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Nationwide protest targets Pacifica radio

By Jon Mays Daily Planet Staff
Friday November 17, 2000

The Grassroots Radio Coalition pulled Pacifica Radio Network programming off 20 radio stations across the nation Thursday to protest what it calls “the on-going crisis” at the network. 

Although it was business as usual at KPFA, listeners at affiliated stations as far away as Portland, Maine, and Tampa, Fla., heard alternative programming such as Free Speech Radio News instead of regular radio shows such as Democracy Now! hosted by Amy Goodman. 

The KPFA/Pacifica Radio Network conflict arose in July 1999 after Pacifica officials did not renew a popular KPFA general manager’s contract and directed staff not to talk about the situation. Programmers and radio hosts protested leading to a lock-out at the station and a three-day protest in the streets during which, more than 50 people were arrested. Although the station re-opened later that month, there is still tension between station supporters and Pacifica. 

“All the stations are drained by this situation and we want democracy to return to Pacifica,” said Cathy Melio, one of the protest’s organizers. “We want to shine a light on this situation and that there are efforts happening to democratize (Pacifica Radio Network). It’s meaningful that we’ve taken time out of our lives to take a stand.”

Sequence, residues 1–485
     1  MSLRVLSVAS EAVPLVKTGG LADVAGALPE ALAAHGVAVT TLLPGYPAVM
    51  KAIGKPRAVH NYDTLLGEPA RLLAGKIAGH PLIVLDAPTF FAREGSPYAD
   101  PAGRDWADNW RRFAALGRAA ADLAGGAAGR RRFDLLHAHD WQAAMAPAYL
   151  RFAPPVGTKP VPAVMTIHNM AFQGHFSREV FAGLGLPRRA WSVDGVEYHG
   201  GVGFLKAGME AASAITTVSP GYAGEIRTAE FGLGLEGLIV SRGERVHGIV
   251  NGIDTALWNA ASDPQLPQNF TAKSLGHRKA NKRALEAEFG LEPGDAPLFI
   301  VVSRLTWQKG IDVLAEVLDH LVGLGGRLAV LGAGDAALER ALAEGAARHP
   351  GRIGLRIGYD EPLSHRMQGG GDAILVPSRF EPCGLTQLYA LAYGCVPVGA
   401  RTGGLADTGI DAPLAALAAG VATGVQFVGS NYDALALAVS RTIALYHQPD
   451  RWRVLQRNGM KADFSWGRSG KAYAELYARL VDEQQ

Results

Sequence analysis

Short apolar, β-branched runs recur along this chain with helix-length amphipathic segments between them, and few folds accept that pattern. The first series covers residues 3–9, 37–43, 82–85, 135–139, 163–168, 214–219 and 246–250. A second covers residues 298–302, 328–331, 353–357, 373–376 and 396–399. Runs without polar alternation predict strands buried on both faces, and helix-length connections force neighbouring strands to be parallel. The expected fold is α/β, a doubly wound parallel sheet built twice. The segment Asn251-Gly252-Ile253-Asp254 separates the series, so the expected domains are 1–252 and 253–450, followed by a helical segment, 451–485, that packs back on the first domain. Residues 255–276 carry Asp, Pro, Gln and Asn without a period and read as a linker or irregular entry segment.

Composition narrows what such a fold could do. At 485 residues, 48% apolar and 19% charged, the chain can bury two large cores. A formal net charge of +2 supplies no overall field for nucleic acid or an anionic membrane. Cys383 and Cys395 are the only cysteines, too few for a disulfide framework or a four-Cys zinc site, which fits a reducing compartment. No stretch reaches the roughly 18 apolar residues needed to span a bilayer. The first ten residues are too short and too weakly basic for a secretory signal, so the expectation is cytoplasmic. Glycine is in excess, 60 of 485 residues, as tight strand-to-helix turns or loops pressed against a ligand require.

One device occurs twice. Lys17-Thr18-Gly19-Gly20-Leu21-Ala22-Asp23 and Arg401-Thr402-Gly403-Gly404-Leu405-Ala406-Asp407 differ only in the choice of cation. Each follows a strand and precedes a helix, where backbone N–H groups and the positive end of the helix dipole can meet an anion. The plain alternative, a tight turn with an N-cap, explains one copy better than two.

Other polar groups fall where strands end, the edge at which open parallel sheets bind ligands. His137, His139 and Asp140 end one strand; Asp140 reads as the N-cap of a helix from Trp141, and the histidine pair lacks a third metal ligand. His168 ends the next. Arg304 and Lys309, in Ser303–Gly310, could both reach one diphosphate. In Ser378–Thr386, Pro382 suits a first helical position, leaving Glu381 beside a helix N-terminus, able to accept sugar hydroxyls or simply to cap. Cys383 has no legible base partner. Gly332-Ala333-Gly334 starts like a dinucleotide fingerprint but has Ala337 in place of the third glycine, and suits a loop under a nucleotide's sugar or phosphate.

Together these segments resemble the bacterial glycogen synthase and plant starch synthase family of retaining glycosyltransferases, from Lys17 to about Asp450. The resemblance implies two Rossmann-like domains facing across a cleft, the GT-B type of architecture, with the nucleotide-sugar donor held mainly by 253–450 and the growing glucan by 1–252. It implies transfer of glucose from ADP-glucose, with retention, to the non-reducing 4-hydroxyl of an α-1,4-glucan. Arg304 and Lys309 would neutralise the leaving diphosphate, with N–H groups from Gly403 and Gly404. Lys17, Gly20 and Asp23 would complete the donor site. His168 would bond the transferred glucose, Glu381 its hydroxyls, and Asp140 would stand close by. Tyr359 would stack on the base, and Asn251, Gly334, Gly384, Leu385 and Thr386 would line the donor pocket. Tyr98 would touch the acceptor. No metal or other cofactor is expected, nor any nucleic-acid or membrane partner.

The protest is a follow-up to last year’s “Day without KPFA” in which Melio said a PNN news director was reassigned for reporting on the boycott and prompted the departure of host Verna Avery Brown from PNN. 

PNN’s Washington, D.C., headquarters was closed by the time the protest was reported, although a worker at the station said KPFA’s news room put a report on the boycott on the air. 

Still, Melio believes Pacifica has been less than responsive to its listeners and its workers since the Berkeley protest.  

“They need to be held accountable and get more boardmembers who care about Pacifica,” she said. “The corporate people don’t care and the strength of community programming is the community. It’s important for it to become a great force like it used to be.”